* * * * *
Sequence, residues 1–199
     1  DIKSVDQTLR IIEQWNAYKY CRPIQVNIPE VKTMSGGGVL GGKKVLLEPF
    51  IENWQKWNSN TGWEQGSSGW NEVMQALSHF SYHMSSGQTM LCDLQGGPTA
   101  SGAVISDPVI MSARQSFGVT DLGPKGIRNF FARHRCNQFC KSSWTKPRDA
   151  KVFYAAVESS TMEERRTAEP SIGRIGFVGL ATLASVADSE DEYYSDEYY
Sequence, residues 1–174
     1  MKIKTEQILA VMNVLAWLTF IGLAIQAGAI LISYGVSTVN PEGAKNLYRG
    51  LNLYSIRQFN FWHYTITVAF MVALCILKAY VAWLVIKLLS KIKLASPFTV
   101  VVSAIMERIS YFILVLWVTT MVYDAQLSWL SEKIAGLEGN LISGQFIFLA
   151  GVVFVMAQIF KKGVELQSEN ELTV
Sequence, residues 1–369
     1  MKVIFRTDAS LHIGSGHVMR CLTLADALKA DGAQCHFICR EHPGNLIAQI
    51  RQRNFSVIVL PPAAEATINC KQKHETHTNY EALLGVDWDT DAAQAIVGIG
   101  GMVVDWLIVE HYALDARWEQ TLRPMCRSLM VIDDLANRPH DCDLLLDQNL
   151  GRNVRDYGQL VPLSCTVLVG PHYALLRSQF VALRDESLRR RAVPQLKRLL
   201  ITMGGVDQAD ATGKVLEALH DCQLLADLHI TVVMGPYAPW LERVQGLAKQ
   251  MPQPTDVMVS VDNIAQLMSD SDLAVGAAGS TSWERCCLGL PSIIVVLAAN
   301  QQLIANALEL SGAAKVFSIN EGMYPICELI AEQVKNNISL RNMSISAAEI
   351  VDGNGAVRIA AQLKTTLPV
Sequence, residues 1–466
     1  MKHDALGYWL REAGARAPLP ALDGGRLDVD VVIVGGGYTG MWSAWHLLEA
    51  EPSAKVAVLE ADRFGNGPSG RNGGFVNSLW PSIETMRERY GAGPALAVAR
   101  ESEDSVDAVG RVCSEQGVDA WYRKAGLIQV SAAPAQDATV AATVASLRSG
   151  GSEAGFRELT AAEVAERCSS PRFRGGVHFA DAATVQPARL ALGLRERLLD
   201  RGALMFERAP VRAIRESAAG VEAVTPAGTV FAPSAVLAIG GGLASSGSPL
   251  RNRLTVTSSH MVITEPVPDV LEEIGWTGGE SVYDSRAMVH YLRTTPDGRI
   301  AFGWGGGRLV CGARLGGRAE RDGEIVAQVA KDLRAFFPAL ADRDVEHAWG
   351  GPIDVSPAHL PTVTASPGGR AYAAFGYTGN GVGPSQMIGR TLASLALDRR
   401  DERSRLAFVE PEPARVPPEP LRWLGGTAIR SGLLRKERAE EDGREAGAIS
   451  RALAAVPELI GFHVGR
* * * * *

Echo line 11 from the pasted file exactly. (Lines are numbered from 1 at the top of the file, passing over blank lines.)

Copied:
Sequence, residues 1–369